At least one clinic has said that the decision not to immediately provide abortions again wasn’t just based on the worry over punitive lawsuits or any other financial hurdles: It accounted for the cost to women as well. According to Kathy Kleinfeld, an administrator for Houston Women’s Reproductive Services, the clinic is not providing abortions for the next few days in large part because of their experience during the earlier days of the COVID pandemic, when Gov. Greg Abbott shut down all abortion services by claiming they fell under the category of elective surgery rather than urgent medical care. An appeal led to an injunction from a judge, immediately followed—within a day—by an appeal to the conservative 5th Circuit. “So we had to call patients who were hours away from coming to their appointment after being turned away already,” she said. “The thought of having to do that again is really cruel, to do that to women when they’re in a really sensitive situation in their lives. So we thought it would be wise to wait a day or two before making changes.”
It seems likely that the situation will shift as clinics continue these conversations around risk. But even those clinics that have landed on a policy in response to the injunction are dealing with a logistical issue: Updating websites and voicemails and blogs and social media takes time. I called one clinic that, as you were on hold, informed you that the clinic planned to fight S.B. 8 before it was enacted in September; when I tried a different line, I was told that the law was already in effect. There was no hold information that mentioned that law was currently paused.
The confusion can easily deter patients, which clinics also understand. If you visit any of their websites, most will hit you with a pop-up reminding you that “abortion is still legal in Texas.” But, for the most part, they go on to clarify that abortion is legal in Texas for those who have discovered their pregnancy within the extremely narrow timeframe allowed under S.B. 8. Few had yet updated their language to reflect the latest injunction. And who knows when they’ll be able to: Many are already strapped, dealing with an influx of calls from confused and desperate patients. According to Kleinfeld, the clinic saw a surge in calls from women who had seen the news and wanted to know if they could schedule abortions. “We’ll schedule them next week, with the understanding that if there’s a change, we’ll have to notify them,” she said. “It’s not as easy as flipping a switch. There’s considerations for these women, who are impacted by these moves the state of Texas has done.”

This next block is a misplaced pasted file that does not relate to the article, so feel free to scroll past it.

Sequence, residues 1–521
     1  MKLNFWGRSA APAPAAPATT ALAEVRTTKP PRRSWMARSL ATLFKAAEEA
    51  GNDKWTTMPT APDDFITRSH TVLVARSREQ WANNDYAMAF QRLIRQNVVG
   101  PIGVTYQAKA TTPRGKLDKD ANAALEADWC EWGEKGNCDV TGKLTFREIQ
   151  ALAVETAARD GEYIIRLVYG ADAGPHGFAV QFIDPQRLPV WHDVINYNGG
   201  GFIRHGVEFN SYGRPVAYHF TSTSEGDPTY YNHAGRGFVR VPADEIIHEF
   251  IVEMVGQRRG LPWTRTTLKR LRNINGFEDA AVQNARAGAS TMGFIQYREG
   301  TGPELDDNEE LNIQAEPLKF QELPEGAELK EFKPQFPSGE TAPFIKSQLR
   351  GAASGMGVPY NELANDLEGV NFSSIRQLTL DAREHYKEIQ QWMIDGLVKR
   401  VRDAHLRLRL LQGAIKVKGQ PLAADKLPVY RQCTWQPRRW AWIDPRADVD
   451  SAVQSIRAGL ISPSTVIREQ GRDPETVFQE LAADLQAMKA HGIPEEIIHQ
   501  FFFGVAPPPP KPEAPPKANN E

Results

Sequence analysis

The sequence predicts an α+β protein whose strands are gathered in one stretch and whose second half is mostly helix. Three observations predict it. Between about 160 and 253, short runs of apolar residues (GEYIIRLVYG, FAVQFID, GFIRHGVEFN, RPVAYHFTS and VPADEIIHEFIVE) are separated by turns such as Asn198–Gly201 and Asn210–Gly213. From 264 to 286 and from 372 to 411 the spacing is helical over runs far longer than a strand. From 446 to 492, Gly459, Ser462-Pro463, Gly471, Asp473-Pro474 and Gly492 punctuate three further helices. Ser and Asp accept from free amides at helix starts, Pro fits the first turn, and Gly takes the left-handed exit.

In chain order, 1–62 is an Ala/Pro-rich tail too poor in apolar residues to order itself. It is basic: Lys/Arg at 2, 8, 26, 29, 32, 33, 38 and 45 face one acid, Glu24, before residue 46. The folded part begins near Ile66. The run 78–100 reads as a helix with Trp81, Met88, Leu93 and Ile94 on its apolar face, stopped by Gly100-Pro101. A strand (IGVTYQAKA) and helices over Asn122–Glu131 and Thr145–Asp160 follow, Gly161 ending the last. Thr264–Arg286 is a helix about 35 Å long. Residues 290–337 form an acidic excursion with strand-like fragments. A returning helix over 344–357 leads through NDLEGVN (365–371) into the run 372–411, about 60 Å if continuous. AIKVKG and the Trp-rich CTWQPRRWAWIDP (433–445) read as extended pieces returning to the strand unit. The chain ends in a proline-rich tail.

In other words, the Texas abortion law is a method of intimidation as much as it is a legal strategy. As Slate’s Christina Cauterucci reported, when S.B. 8 went into effect, many clinics stopped providing abortions of any kind to avoid frivolous lawsuits. Now, it seems that even a legitimate legal victory is hampered by the fear, confusion, and dread that lingers .